Global Spectator, by Andrés Ortega

Mental maps, real maps

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The Popes, as noted by various scholars, have –or have had– their own ideas about God. Political leaders, especially those with a geopolitical sense, have different maps of their countries or their surroundings inside their heads. What map does Putin have in mind? It would be important to know… and there are certain indications. By contrast, the Europeans –the EU– do not appear to have a map in their heads, as they are not even clear about the limits of either the EU or NATO.

Around, or in, the Ukraine a map struggle is raging. This is the border that has separated Europe for nearly a millennium: the dividing line between Roman Catholic (and later also Protestant) and Orthodox since the Great Schism 1054 when the Roman Pontiff –who must have had maps in its head, although the wrong ones– excommunicated the Patriarch of Constantinople, Michael Cerularios.

This is the line which later became blurred by the advance of the Ottoman Empire. But it is the same one that Robert Kaplan so well analysed some time ago and which in our own times has marked the divisions of the Cold War –a war that was a meeting of maps, as drafted at Yalta– and the fratricidal war in the Balkans in the 1990s. It is the dividing line that has led Catholic Croatia into the EU, although it is to be hoped that Orthodox Serbia might finally join in what could be a historic reconciliation. For the EU can be instrumental in overcoming this ancient barrier, even if the Ukraine’s entry into the Union cannot be considered at present.

In the Ukraine the line divides the country into two parts –although the situation is actually more complicated, because there are mixed population areas–, Catholic and pro-Western on one side and Orthodox and pro-Russian on the other. Hence, events in the Ukraine’s eastern regions can be highly flammable and Moscow could easily lose control.

In its 11th edition, dated 1914, the Encyclopedia Britannica allotted the Ukraine just small paragraph: ‘(“frontier”), the name formerly given to a district of European Russia, now comprising the governments of Kharkov, Kiev, Podolia and Poltawa. The portion east of the Dnieper became Russian in 1686 and the portion west of the river in 1793’.

Nothing more. Someone must have protested because supplementary volume nr 32, published in 1922 –after the First World War and the collapse of the Ottoman Empire–, devoted almost two pages to the entry, providing a much broader and more complex view. The story, of course, does not end there, because the borders of the Ukraine continued to change following the Molotov-Ribbentrop pact of 1939 and all later events until today. This included the handover in 1954 of Crimea to the Ukraine by the Ukrainian Nikita Khrushchev, who would not have been too worried about the Soviet Union’s internal map of the Soviet Union because everything was fully under control. But there again is the historic boundary of 1054 causing trouble. Meanwhile, everyone is staring at the map, or rather his own map.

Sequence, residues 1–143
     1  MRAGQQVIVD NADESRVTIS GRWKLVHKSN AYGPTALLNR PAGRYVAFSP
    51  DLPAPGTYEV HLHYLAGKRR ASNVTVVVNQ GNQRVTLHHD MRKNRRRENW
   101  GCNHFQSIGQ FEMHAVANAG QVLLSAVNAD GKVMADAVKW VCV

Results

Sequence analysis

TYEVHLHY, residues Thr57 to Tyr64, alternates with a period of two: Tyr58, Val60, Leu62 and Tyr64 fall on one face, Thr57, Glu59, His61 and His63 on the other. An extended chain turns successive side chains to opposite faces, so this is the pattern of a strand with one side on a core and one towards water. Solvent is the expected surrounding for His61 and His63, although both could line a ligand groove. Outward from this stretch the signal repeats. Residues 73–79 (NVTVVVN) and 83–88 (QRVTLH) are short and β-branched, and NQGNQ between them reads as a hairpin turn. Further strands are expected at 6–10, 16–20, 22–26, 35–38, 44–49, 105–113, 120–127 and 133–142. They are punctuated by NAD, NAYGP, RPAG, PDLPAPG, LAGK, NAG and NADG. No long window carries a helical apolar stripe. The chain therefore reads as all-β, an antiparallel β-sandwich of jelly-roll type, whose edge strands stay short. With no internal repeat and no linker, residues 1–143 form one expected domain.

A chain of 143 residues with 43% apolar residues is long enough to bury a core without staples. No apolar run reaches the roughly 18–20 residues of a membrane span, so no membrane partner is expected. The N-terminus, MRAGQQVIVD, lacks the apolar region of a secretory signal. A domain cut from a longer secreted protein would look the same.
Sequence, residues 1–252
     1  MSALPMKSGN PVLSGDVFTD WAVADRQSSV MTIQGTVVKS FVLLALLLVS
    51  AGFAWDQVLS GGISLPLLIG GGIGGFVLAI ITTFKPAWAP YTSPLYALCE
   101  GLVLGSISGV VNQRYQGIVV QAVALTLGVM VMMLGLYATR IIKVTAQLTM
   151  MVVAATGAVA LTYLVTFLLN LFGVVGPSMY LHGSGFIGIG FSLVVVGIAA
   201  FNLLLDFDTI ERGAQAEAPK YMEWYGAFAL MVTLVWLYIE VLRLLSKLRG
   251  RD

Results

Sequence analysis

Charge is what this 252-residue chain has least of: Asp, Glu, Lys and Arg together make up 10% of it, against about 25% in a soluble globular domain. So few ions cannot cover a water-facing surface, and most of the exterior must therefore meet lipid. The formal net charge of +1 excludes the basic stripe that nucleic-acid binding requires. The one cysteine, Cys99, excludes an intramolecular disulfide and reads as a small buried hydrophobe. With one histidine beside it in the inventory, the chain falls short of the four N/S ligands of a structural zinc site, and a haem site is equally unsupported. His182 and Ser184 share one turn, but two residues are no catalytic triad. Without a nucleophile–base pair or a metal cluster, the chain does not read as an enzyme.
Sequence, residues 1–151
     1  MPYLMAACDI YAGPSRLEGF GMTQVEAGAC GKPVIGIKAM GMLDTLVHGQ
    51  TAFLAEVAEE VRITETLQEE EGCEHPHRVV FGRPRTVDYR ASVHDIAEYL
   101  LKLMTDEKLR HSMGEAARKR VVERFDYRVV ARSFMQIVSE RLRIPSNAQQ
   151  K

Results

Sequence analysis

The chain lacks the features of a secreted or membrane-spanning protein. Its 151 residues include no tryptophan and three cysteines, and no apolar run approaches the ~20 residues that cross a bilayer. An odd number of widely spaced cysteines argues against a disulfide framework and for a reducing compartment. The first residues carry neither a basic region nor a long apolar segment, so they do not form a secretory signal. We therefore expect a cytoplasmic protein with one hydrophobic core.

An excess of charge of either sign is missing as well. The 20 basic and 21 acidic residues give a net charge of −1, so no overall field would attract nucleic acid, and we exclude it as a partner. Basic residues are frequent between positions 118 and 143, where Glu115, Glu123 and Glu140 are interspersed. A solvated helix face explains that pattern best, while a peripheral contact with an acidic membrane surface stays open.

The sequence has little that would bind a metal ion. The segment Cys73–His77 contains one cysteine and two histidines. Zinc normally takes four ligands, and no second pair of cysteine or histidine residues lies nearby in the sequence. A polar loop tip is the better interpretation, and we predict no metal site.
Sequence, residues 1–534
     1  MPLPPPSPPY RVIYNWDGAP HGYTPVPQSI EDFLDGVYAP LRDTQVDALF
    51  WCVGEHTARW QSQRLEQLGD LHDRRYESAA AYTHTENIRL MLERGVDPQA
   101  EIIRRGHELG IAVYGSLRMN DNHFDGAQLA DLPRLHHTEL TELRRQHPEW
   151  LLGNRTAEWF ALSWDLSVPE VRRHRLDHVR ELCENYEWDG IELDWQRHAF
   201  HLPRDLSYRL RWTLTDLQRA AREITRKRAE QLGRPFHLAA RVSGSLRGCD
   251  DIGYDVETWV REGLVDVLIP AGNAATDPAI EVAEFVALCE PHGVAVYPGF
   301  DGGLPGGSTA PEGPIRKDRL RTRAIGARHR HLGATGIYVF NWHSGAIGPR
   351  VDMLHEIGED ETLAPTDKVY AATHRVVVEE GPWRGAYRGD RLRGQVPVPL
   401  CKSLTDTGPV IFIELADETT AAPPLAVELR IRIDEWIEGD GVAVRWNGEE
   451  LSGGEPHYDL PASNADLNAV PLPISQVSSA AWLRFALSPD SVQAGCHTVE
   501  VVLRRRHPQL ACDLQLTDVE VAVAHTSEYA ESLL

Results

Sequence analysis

In a recent article in Foreign Affairs (‘Putin’s brain’), Anton Barbashin and Hannah Thoburn tried to imagine looking into Putin’s brain to see what map of Russia and its neighbourhood was lodged there. Is it the 1054 map? Or the 1914 version, in which the Russian Empire connected the Baltic to the Black Sea? That one would be dangerous. Or is it the Soviet Union and Europe in 1989, which is impossible to revive, when Gorbachev had in mind a map of a ‘common European home’? What is clear is that Putin is wary of ending up with the map of 1992, following the collapse of the USSR or –as he considers it– ‘the greatest geopolitical disaster of the 20th century’. He sees a Russia surrounded by unsympathetic powers and he wants to avoid having a hostile border. But in order to re-draw a map on the basis of concentric circles, given the faulty outcome of the Commonwealth of Independent States (CIS), he has come up with the idea of a ‘Eurasian Union’ –replicating the EU model but with a disproportionate weight for Russia itself, given its size. This could be a materialisation of his mental map by other means, based on influence more than presence but focused on the ‘Russian world’ that he is somehow trying to reconstruct. And if that is the case, it will affect reality but he will not invade the Ukraine, seeking instead an accommodation on the lines of the agreement reached in Geneva last week.

Putin’s idea of Russia and the concept of Eurasia owe much to the inspiration and support of the (Russian) Orthodox Church, as do his condemnation of the Pussy Riot protest group and of homosexuality. The idea of Russia and Eurasia has been promoted by the radical nationalist Alexander Dugin, as discussed in the article mentioned above. Nevertheless, as noted by Jos Boonstra, events in the Crimea and the Ukraine can leave Putin without Kiev, making his Eurasian project incomplete. It can do the same to the EU’s neighbourhood policy in the east. And what is also important for us is that, as Joseph Janning warns, it can also destroy the EU’s neighbourhood policy in the South. So all these maps are interdependent.

He might not admit to it openly, but Putin definitely seems to have a map in his head. This is in contrast to the EU, which does not even know what to do with Turkey –let alone with the Ukraine– and whose Member States, starting with –a not fully western– Germany, have different maps of Europe in their heads. Perhaps Obama has his own map, aimed at making Russia an isolated pariah State. But the US is ceasing to be a European power. Putin knows it and he has noted that the world map that includes us all is becoming de-westernised. The test has been the UN General Assembly’s vote on Crimea, in which abstentions have carried a considerable weight. And that is Putin’s mental map.

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